Wednesday, November 24, 2004

Secrets of the Aliyah Center Revealed



I’ve been working my way through the pile of forms in my Tik Aliyah. Actually I think I’m pretty much done with them – just have to sign and date them now. So all I need besides those is a letter from my Rabbi and copies of my passport from all the times I’ve been in Israel over the past seven years. Seven years! But my passport only goes back till 2000! I’ll just have to tell my shliach that it will have to do. Besides I’ve been there six times since 2000 so it’s not like they won’t have what to look at.

By what to look at I suspect they use my passport information to do background checks. "Seven years" is actually a pretty standard time period for that sort of thing. I even think there is a legal basis for retaining records for seven years but not any longer. But somehow I get the feeling they are not doing the traditional background check. In any case it does shed some light on what happened to JTA’s Jonathan Udren shortly after he made Aliyah. In his own words:


Only a week after making aliyah, my first piece of Hebrew mail arrived.

What an amazing feeling to see "Yonatan Chaim Udren" spelled out in Hebrew letters on that envelope. I ripped it open and glanced it over, only to realize that I had no idea what the document meant. There were numbers at the bottom, and a box next to it that I translated as, "You receive 400 shekel."

I thought: "I´ve only been here a week and already I´m being awarded some kind of extra aliyah bonus."

Then I looked at the letter again and realized there was another column with a date 90 days hence and a 625-shekel figure in the adjacent box.

Was this some kind of savings bond? Why would waiting 90 more days allow me to receive more money?

When I saw the Hebrew word "knas" it dawned on me: It was a bill.

Or, more accurately, a fine.

The nicely detailed caricature of a smiling policeman writing out a parking ticket on the back of the letter made the situation a little clearer.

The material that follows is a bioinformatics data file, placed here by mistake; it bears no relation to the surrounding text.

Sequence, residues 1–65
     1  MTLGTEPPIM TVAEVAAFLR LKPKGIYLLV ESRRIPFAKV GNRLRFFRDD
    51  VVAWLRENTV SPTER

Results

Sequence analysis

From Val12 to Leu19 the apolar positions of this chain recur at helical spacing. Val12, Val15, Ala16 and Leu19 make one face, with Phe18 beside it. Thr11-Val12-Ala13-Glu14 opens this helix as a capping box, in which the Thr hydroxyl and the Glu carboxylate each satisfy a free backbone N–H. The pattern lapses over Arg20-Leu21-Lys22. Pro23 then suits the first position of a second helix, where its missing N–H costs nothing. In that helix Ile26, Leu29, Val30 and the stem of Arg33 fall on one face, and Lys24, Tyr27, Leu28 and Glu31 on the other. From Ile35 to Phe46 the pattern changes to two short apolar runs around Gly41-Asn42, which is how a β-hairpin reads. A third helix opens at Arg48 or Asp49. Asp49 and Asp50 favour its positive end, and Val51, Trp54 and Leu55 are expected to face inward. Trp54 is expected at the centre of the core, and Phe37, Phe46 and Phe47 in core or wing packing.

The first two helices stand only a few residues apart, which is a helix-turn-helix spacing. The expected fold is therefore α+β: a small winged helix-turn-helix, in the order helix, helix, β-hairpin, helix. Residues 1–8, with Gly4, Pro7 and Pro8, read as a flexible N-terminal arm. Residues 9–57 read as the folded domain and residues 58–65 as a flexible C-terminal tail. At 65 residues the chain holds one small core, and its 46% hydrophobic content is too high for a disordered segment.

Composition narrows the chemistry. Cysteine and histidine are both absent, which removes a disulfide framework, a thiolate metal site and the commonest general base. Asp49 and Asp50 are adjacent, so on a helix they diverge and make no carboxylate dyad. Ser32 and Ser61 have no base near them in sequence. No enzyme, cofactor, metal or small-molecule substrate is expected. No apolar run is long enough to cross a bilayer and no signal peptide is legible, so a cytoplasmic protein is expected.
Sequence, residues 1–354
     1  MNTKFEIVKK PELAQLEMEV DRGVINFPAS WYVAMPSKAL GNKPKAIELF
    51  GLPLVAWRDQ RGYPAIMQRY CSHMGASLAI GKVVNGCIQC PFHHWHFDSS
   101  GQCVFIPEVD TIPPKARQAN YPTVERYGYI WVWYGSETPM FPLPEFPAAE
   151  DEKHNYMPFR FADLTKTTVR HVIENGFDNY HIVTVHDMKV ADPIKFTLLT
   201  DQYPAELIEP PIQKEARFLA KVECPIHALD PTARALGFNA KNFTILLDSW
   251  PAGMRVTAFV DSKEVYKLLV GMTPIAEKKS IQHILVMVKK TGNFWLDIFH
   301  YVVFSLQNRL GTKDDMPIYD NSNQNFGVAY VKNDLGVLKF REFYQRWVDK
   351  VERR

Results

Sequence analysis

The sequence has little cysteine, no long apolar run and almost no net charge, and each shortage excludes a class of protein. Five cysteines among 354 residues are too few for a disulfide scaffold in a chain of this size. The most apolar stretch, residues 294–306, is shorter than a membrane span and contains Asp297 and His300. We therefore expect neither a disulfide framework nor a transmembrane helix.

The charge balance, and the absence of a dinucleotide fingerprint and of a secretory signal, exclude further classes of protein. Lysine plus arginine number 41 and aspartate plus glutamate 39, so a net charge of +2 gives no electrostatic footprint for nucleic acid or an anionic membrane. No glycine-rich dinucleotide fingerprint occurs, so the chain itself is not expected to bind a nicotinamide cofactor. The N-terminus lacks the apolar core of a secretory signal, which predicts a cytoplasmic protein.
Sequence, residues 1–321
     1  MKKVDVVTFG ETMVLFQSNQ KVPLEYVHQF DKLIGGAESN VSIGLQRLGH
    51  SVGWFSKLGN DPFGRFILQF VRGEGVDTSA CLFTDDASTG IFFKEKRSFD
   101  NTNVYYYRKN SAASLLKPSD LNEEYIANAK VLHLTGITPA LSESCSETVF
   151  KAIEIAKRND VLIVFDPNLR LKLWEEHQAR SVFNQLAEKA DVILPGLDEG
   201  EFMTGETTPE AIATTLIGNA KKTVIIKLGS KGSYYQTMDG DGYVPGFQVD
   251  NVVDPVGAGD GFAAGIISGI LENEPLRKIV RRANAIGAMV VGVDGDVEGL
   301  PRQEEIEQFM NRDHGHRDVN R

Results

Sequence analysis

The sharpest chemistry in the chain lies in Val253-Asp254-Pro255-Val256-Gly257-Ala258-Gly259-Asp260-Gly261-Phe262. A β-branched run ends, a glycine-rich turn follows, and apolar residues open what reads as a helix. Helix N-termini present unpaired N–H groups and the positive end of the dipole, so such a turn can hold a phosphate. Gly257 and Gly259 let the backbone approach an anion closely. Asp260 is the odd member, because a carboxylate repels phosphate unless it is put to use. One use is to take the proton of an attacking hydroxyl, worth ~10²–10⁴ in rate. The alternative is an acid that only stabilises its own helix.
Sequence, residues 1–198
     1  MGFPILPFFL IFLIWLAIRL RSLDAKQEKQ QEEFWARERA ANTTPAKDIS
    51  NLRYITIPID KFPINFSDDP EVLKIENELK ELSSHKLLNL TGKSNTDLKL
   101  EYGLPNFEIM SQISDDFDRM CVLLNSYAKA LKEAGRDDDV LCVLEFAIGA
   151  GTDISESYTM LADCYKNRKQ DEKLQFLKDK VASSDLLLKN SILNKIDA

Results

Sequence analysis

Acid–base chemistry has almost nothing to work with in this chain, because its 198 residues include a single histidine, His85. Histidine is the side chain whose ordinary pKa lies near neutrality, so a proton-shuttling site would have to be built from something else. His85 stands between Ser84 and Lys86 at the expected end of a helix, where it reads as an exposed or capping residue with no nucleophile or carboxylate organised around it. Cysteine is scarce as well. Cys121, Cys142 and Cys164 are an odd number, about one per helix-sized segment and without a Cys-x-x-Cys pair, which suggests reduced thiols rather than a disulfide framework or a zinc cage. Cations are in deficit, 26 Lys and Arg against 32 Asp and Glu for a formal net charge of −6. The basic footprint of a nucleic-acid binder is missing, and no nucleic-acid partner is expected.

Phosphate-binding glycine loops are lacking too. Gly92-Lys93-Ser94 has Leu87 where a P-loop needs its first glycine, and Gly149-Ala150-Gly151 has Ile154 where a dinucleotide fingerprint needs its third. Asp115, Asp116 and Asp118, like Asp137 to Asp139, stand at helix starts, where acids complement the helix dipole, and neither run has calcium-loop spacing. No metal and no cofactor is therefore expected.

The funny thing is that I don´t even have a car.

The fine was dated all the way back to last December, and after a moment I realized its source.

A few friends and I had rented a car during Chanukah for some hiking in the Negev Desert. While I was finishing the paperwork, the attendant parked the rental vehicle in an illegal space. When I walked out to the car, a policeman was huddled over the license plate. A moment later, he slapped a ticket on the windshield.

"Oh, don´t worry, we´ll take care of that," said the attendant as she snatched the ticket from my hand, tossing in into what I thought was the trash can.

I shrugged it off and headed for the desert. Even if the rental company didn´t take care of the ticket, I thought, how would the parking police ever find me?

Less than a week after I made aliyah, that ticket landed in my mailbox. I´m still trying to figure out the whole thing, but I´m hoping — perhaps a little naively — that all Israeli bureaucracy works as efficiently as the parking-ticket authorities.

Yep. So now you know. That's really why they do the background checks!

2 Comments:

Blogger Pamello said...

:-) So if some people I know would move to the USA all the "You are not welcome to drive in the United States of America" fines/letters will come into effect ...

Interesting.

:-)

4:05 PM  
Blogger TR said...

Ah, the innocence of an Oleh Chadash...

5:38 PM  

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